9.3. Managing Public SSH Keys for Users

OpenSSH uses public-private key pairs to authenticate users. A user attempts to access some network resource and presents its key pair. The first time the user authenticates, the administrator on the target machine has to approve the request manually. The machine then stores the user's public key in an authorized_keys file. Any time that the user attempts to access the resource again, the machine simply checks its authorized_keys file and then grants access automatically to approved users.
There are a couple of problems with this system:
  • SSH keys have to be distributed manually and separately to all machines in an environment.
  • Administrators have to approve user keys to add them to the configuration, but it is difficult to verify either the user or key issuer properly, which can create security problems.
On Red Hat Enterprise Linux, the System Security Services Daemon (SSSD) can be configured to cache and retrieve user SSH keys so that applications and services only have to look in one location for user keys. Because SSSD can use Identity Management as one of its identity information providers, Identity Management provides a universal and centralized repository of keys. Administrators do not need to worry about distributing, updating, or verifying user SSH keys.

9.3.1. About the SSH Key Format

When keys are uploaded to the IdM entry, the key format can be either an OpenSSH-style key or a raw RFC 4253-style blob. Any RFC 4253-style key is automatically converted into an OpenSSH-style key before it is imported and saved into the IdM LDAP server.
The IdM server can identify the type of key, such as an RSA or DSA key, from the uploaded key blob. However, in a key file such as id_rsa.pub, a key entry is identified by its type, then the key itself, and then an additional comment or identifier. For example, for an RSA key associated with a specific hostname:
"ssh-rsa ABCD1234...== ipaclient.example.com"
All three parts from the key file can be uploaded to and viewed for the user entry, or only the key itself can be uploaded.

9.3.2. Uploading User SSH Keys Through the Web UI

  1. Generate a user key. For example, using the OpenSSH tools:
    [jsmith@server ~]$ ssh-keygen -t rsa -C jsmith@example.com
    Generating public/private rsa key pair.
    Enter file in which to save the key (/home/jsmith/.ssh/id_rsa):
    Created directory '/home/jsmith/.ssh'.
    Enter passphrase (empty for no passphrase):
    Enter same passphrase again:
    Your identification has been saved in /home/jsmith/.ssh/id_rsa.
    Your public key has been saved in /home/jsmith/.ssh/id_rsa.pub.
    The key fingerprint is:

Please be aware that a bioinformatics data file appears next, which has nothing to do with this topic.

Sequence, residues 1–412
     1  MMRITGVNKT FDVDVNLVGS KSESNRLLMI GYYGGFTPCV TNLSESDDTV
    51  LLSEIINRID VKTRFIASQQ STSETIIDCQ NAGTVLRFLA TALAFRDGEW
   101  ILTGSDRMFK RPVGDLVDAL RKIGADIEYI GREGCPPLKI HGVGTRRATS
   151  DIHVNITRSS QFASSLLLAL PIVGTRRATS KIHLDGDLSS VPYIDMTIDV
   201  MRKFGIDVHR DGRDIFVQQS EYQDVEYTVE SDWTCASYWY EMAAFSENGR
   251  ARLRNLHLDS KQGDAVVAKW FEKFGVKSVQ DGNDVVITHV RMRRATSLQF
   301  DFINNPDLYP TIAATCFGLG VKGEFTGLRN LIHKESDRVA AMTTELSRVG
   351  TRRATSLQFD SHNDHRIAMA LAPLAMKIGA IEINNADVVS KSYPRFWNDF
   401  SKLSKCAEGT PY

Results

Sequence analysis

a5:fd:ac:d3:9b:39:29:d0:ab:0e:9a:44:d1:78:9c:f2 jsmith@example.com
    The key's randomart image is:
    +--[ RSA 2048]----+
    |                 |
    |     + .         |
    |    + =   .      |
    |     =   +       |
    |    . E S..      |
    |   .    . .o     |
    |    . .  . oo.   |
    |   . o .  +.+o   |
    |    o  .o..o+o   |
    +-----------------+
  2. Copy the public key from the key file. The full key entry has the form type key== comment. Only the key== is required, but the entire entry can be stored.
    [jsmith@server ~]$ cat  /home/jsmith/.ssh/id_rsa.pub
    						
    ssh-rsa AAAAB3NzaC1yc2E...tJG1PK2Mq++wQ== jsmith@example.com
  3. Open the Identity tab, and select the Users subtab.
  4. Click the name of the user to edit.
  5. In the Account Settings area of the Settings tab, click the SSH public keys: Add link.
  6. Click the Add link by the SSH public keys field.
  7. Paste in the public key for the user, and click the Set button.
    The SSH public keys field now shows New: key set. Clicking the Show/Set key link opens the submitted key.
  8. To upload multiple keys, click the Add link below the list of public keys, and upload the other keys.
  9. When all the keys have been submitted, click the Update link at the top of the user's page to save the changes.
When the public key is saved, the entry is displayed as the key fingerprint, the comment (if one was included), and the key type[2].
Saved Public Key

Figure 9.1. Saved Public Key

After uploading the user keys, configure SSSD to use Identity Management as one of its identity domains and set up OpenSSH to use SSSD for managing user keys. This is covered in the Deployment Guide.

9.3.3. Uploading User SSH Keys Through the Command Line

The --sshpubkey option uploads the 64 bit-encoded public key to the user entry. For example:
[jsmith@server ~]$ ipa user-mod jsmith --sshpubkey="ssh-rsa 12345abcde= ipaclient.example.com"
With a real key, the key is longer and usually ends with an equals sign (=).
To upload multiple keys, pass a comma-separated list of keys with a single --sshpubkey option:
--sshpubkey="12345abcde==,key2==,key3=="
After uploading the user keys, configure SSSD to use Identity Management as one of its identity domains and set up OpenSSH to use SSSD for managing user keys. This is covered in the Red Hat Enterprise Linux Deployment Guide.

9.3.4. Deleting User Keys

  1. Open the Identity tab, and select the Users subtab.
  2. Click the name of the user to edit.
  3. Open the Account Settings area of the Settings tab.
  4. Click the Delete link by the fingerprint of the key to remove.
  5. Click the Update link at the top of the user's page to save the changes.
The command-line tools can be used to remove all keys. This is done by running ipa user-mod with the --sshpubkey= set to a blank value; this removes all public keys for the user. For example:
[jsmith@server ~]$ kinit admin
[jsmith@server ~]$ ipa user-mod --sshpubkey= jsmith


[2] The key type is determined automatically from the key itself, if it is not included in the uploaded key.